Tuesday, September 15, 2015


How and when the remarkable discovery of wine was first stumbled upon?

No one can be sure but there is an ancient Persian fable that recognizes a woman as the discoverer of wine. According to the fable, she was a princess who had lost favor with the King. The shame was so overwhelming that she ate some table grapes that had spoiled in their jar in an attempt to end her life. Her suicide did not go as planned instead of slipping onto eternal slumber she got giddy, intoxicated and then she passed out. When she awoke she found that all the troubles of her life seemed to have gone away. She continued to partake of the spoilt grapes and her mood changed so much that she regained the favor of the King and wine really did solve all her problems. Although this is a pleasant tale the accidental discovery of wine probably happened as few times in different regions but what is for sure is that wine is not the invention of man but was found via pure dumb luck.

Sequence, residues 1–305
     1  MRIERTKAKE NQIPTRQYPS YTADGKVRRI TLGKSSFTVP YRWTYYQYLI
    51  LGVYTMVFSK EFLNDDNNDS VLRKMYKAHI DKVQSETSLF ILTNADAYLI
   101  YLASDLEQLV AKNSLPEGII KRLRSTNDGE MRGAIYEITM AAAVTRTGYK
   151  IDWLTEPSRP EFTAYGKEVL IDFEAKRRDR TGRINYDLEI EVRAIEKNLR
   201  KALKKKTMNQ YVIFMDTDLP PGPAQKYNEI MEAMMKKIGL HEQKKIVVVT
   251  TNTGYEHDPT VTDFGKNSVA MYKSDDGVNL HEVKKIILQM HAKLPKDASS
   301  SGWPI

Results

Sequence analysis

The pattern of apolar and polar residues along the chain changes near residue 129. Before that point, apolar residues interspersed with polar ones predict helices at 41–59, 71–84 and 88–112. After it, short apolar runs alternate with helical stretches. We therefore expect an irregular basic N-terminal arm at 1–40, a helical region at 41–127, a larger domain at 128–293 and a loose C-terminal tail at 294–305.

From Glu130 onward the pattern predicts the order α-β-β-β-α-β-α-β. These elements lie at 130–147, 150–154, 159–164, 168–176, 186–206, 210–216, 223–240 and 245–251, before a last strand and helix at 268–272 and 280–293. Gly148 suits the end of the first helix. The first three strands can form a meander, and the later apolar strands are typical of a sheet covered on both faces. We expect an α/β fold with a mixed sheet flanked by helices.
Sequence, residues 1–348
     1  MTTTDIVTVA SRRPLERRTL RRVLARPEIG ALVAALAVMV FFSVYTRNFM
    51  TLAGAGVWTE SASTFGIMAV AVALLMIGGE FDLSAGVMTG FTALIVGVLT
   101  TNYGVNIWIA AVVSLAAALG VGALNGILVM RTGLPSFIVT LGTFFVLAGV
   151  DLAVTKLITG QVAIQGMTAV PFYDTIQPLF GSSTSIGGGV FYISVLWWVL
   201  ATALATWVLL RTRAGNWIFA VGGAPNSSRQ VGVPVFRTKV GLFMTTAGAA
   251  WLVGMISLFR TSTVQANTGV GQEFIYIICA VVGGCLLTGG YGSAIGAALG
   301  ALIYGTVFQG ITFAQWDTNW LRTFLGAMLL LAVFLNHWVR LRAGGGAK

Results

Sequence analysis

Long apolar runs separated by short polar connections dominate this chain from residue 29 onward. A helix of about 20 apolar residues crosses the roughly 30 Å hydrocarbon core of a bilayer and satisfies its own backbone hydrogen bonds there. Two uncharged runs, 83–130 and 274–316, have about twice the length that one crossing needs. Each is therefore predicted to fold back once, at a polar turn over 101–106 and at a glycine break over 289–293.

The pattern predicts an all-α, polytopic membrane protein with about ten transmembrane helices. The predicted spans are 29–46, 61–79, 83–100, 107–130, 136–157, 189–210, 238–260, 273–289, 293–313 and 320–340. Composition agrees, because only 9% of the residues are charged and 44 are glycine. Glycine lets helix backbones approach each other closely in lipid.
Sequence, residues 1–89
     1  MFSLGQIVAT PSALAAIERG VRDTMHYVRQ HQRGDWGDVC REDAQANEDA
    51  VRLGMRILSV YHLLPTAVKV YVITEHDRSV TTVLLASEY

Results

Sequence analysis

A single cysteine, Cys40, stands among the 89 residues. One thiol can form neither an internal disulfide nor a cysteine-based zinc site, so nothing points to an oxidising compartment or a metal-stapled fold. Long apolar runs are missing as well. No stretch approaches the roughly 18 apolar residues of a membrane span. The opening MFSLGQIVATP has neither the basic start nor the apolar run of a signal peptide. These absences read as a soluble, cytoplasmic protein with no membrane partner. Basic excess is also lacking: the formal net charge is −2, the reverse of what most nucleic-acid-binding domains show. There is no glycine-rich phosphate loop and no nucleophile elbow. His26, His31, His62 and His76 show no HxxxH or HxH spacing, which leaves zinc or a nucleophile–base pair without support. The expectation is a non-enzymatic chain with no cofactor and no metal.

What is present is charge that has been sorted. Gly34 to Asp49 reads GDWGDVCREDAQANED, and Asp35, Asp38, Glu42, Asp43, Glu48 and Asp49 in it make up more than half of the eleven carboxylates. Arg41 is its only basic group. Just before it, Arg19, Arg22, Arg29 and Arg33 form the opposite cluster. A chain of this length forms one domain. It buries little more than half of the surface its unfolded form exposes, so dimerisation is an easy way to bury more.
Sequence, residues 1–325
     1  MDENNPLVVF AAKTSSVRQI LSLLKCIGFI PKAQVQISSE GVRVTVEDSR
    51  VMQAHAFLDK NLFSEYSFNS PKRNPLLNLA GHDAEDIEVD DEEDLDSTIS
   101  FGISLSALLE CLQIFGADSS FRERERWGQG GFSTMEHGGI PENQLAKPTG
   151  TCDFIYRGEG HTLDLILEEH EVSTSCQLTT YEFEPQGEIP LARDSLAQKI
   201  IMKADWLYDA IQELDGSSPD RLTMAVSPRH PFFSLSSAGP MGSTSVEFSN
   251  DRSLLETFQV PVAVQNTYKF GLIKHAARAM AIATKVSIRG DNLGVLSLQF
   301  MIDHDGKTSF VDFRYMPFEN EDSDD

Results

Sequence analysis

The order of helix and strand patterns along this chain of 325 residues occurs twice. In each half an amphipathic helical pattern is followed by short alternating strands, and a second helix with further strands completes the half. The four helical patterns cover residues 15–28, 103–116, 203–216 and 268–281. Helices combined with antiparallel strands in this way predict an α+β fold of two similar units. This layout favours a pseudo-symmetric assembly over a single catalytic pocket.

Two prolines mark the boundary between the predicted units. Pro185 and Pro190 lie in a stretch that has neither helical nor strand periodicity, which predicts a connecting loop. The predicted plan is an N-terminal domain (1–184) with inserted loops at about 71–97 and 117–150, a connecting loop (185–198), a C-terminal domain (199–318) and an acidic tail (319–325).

The first sign of the vine we all know and love were sixty million year old fossils which means that our pre-human ancestor may well have come to realize that the older grapes will have been more desirable as we can observe with our animal friends today who tend to prefer riper fruit. The earliest remnants of wine were discovered in the site of Hajji Firuz Tepe in the northern Zagros Mountains of Iran. The wine dated back to the Neolithic period (8500-4000 B.C.)  Carbon dating confirmed that the wine was from sometime between 5400-5000 B.C. Although no earlier dating wine has been found it is though that the art of wine making started shortly after 6000 B.C. it is thought that this is the date for one of mankind’s most momentous creations because the  peoples of these regions had managed to create permanent am settlements via the domestication of animals and plants. This was a far more stable living situation than the nomadic way of living which most humans were currently employing. This stability allowed the people to experiment with their cuisine and drinks. Some of our favorite dishes and drinks we still enjoy today were developed in this time period including beer and of course wine.


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